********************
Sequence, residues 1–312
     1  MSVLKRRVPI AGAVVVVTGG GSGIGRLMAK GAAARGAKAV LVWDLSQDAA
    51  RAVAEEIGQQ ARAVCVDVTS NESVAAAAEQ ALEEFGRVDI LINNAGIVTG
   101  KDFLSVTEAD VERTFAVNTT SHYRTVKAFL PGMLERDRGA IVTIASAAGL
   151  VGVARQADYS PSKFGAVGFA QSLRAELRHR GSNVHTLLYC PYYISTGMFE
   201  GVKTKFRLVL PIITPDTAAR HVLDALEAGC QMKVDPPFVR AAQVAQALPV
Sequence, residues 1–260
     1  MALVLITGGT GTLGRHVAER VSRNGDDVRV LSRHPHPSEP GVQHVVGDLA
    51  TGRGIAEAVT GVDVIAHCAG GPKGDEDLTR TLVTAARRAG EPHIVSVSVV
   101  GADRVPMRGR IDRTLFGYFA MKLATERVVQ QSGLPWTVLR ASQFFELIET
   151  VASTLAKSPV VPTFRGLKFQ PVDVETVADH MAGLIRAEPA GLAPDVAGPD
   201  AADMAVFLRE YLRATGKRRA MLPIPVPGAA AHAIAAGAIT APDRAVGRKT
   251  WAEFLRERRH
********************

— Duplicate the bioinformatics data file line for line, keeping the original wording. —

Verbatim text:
Sequence, residues 1–312
     1  MSVLKRRVPI AGAVVVVTGG GSGIGRLMAK GAAARGAKAV LVWDLSQDAA
    51  RAVAEEIGQQ ARAVCVDVTS NESVAAAAEQ ALEEFGRVDI LINNAGIVTG
   101  KDFLSVTEAD VERTFAVNTT SHYRTVKAFL PGMLERDRGA IVTIASAAGL
   151  VGVARQADYS PSKFGAVGFA QSLRAELRHR GSNVHTLLYC PYYISTGMFE
   201  GVKTKFRLVL PIITPDTAAR HVLDALEAGC QMKVDPPFVR AAQVAQALPV
Sequence, residues 1–260
     1  MALVLITGGT GTLGRHVAER VSRNGDDVRV LSRHPHPSEP GVQHVVGDLA
    51  TGRGIAEAVT GVDVIAHCAG GPKGDEDLTR TLVTAARRAG EPHIVSVSVV
   101  GADRVPMRGR IDRTLFGYFA MKLATERVVQ QSGLPWTVLR ASQFFELIET
   151  VASTLAKSPV VPTFRGLKFQ PVDVETVADH MAGLIRAEPA GLAPDVAGPD
   201  AADMAVFLRE YLRATGKRRA MLPIPVPGAA AHAIAAGAIT APDRAVGRKT
   251  WAEFLRERRH